Ugochukwu-Charles Onyewuchi writes that as he works on one project, he keeps breaking off to start others. He asks for some advice because he really wants to finish a novel.
Thanks for this excellent question.
First of all, I’d like to say–it’s great to have too many ideas instead of too few! Some of the best artists have the problem you mention, Leonardo da Vinci among them. Leonardo was forever breaking off from work on this painting of that sculpture to begin a new project, and many of his most ambitious ideas remained unrealized. You have only to look at his notebooks to see that this man was brimming with plans and designs.
So I’d say this is a good problem to have.
It’s also true that we know Leonardo for the work he finished. At some point an artist has to commit to an idea and follow through. This is particularly true for novels which require patience and staying power. You need to love your characters enough to keep writing, over days, weeks, months, even years. Writing a novel means keeping the faith–even when you’re writing shorter pieces as well, or going to school, or working your day job, or taking care of children, or all of the above.
So the big questions is: how do you keep the faith?
Here’s what I do:
I spend time thinking about my characters before I go to sleep.
I reread the previous day’s work before I write anything new.
I chart out what’s going to happen next and write down the scenes I’m aiming for–so that I keep my goals in mind.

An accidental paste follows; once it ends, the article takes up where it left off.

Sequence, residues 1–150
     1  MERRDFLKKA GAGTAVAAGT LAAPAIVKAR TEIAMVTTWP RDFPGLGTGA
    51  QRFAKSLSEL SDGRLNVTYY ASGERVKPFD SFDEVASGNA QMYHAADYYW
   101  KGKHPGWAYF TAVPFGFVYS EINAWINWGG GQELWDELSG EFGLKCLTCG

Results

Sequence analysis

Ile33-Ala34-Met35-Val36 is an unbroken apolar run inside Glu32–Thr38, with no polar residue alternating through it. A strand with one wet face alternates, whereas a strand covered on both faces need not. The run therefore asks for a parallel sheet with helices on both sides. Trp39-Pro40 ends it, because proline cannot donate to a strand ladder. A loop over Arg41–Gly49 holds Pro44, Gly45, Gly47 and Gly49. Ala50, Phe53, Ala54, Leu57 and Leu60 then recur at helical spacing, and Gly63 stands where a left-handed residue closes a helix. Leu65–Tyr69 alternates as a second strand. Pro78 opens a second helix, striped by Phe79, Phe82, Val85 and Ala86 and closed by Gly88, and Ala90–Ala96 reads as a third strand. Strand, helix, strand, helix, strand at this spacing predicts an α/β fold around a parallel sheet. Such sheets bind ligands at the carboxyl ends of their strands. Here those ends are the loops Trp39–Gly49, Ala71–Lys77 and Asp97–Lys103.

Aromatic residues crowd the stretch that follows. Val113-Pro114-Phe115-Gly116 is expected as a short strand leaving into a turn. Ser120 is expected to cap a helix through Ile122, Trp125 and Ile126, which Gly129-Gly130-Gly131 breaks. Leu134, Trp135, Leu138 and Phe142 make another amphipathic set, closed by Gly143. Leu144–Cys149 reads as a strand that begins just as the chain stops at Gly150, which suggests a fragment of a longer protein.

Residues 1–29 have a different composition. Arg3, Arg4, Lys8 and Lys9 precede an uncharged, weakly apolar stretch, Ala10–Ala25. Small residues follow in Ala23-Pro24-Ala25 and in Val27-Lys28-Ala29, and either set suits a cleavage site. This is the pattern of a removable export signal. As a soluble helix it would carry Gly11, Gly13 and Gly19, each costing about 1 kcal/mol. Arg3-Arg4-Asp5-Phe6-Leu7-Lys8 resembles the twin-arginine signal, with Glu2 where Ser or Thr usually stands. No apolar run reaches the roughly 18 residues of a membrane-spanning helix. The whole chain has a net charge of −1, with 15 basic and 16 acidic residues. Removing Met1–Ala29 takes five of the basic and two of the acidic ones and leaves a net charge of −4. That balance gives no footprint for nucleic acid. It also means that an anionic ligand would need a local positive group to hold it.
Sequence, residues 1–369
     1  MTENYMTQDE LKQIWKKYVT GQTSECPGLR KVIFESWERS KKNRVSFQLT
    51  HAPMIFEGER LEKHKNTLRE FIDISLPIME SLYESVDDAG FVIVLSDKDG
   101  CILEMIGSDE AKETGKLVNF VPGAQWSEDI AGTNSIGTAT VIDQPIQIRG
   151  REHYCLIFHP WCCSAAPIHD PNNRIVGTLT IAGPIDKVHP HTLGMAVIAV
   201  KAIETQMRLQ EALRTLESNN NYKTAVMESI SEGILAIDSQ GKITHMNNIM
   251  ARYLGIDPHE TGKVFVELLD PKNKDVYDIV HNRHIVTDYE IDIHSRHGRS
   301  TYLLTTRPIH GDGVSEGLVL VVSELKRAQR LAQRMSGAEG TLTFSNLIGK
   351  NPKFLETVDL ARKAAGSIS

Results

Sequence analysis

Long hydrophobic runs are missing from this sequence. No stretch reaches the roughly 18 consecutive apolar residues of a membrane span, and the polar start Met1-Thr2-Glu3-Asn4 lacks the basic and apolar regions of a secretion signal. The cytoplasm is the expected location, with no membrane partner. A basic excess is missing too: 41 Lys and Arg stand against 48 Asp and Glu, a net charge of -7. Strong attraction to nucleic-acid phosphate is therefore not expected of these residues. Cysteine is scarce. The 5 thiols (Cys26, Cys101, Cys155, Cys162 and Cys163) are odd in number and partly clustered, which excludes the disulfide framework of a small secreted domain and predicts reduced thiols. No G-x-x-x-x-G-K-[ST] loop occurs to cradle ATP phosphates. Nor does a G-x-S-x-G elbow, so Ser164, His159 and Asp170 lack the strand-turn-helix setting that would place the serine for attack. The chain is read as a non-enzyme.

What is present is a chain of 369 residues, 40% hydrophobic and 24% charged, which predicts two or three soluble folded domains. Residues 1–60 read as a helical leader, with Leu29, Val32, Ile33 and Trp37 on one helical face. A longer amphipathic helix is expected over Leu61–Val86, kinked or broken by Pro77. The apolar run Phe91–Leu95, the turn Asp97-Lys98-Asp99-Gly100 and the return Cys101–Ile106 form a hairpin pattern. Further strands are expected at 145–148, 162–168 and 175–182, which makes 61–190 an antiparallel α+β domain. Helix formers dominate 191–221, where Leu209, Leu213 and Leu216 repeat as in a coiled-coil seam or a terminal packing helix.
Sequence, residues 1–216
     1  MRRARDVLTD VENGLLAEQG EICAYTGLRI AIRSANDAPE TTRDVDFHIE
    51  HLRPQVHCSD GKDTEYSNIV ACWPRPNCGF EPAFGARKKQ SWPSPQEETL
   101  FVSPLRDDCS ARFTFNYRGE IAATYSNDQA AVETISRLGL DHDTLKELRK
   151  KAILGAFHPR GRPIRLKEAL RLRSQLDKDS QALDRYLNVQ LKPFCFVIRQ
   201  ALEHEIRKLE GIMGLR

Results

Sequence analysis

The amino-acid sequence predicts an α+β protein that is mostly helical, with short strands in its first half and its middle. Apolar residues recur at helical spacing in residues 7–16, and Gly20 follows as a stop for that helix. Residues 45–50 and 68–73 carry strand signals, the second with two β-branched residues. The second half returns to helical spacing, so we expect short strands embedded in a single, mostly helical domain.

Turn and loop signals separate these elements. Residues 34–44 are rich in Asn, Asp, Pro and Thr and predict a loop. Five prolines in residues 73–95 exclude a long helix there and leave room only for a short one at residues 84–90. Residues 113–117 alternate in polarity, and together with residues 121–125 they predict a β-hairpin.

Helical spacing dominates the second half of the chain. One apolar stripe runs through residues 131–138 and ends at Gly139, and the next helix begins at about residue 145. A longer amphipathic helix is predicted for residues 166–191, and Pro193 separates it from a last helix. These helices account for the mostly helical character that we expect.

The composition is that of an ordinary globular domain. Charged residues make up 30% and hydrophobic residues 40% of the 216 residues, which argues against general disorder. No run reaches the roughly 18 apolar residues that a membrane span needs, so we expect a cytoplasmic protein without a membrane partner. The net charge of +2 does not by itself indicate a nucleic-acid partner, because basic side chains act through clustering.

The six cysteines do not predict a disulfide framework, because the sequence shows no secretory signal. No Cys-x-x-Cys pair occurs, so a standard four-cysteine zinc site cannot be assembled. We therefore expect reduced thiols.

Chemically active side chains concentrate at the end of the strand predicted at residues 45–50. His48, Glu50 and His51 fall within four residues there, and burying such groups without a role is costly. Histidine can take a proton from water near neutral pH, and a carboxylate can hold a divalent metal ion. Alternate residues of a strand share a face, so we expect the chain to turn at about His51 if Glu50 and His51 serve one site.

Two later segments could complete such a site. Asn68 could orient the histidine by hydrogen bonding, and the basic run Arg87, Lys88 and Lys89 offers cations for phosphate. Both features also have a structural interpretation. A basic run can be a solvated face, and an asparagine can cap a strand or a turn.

I imagine what ifs with my characters, composing little stories for them in my head so that they’re real to me and I can indulge my impulse to digress.
I spend time on each sentence that I’ve written so that I’m proud of every word. If you feel that your draft is sound and beautiful then you’re more likely to stick with it. You’ll respect it more.
Anne Lamott writes famously in “Bird by Bird” that you should feel free to write “shitty first drafts”. I understand what she means, but in my opinion, writing a good first draft and revising as you go can be a huge confidence booster. Neither way is the right way–these are just different styles. Some people like to make a huge mess in the kitchen as they cook. Some clean as they go. I belong to the clean as you go school. A clean draft motivates me and helps me to stay the course with a long term project.
It’s a natural impulse to run away and start fresh when you’ve got a huge mess on your hands. My advice: write a witty first draft instead of a shitty first draft. I think you’ll find yourself returning to it whenever you can.